by Nigel Campbell, Caribbean Beat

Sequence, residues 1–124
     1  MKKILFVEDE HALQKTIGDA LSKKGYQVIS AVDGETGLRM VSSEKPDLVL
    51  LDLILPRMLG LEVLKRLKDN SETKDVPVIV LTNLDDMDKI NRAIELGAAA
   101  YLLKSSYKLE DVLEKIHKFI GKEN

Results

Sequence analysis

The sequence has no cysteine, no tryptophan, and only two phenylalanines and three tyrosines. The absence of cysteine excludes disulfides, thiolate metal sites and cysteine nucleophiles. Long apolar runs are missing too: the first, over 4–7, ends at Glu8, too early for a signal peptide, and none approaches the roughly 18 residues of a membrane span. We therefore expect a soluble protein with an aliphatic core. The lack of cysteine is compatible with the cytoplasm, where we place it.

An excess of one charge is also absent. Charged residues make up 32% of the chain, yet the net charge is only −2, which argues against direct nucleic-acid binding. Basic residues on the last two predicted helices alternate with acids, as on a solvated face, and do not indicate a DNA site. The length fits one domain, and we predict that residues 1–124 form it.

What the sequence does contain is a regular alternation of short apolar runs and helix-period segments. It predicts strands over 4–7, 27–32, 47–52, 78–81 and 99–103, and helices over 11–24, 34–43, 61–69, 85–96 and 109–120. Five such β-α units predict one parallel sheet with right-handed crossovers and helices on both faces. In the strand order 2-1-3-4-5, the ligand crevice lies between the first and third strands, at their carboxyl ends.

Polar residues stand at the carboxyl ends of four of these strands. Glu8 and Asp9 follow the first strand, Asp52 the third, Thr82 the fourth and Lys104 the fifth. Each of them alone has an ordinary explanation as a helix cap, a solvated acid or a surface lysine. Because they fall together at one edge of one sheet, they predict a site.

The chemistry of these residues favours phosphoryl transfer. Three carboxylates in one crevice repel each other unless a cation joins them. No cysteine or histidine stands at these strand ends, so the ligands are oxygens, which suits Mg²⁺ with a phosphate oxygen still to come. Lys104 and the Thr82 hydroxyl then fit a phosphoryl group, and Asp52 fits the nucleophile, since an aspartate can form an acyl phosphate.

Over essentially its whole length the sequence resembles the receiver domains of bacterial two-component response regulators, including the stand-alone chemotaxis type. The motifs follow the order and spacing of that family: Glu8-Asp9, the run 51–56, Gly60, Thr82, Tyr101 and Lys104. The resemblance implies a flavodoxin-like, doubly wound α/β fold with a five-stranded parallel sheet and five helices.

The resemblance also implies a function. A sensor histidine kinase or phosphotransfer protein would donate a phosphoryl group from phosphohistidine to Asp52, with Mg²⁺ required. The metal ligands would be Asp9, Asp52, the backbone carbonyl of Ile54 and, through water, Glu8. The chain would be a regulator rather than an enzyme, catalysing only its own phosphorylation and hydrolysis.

Pianist Josean Jacobo has been heralded as the “Ambassador of Afro-Dominican Jazz,” and with that understanding, the listener must negotiate a minefield of ideas and ideologies on “Dominicanness” and the image of the island as a tourist playground. On Cimarrón, Jacobo, along with the band Tumbao — a unique combo of two saxes, drums, and percussion — present a solid interface of music born in the American melting pot of New Orleans and traditional folkloric rhythms from African-descended natives of Hispaniola. His piano soars and floats on the ten songs here, while the polyrhythms of the hand drums and other percussion give credence to a history of solid representation of the music of African souls who have mingled and transformed Spanish-derived sounds to create what we today know as salve, congos, bachata, and more. The language of jazz has broadened in this context, and this album is a distinctive beginning for new listeners

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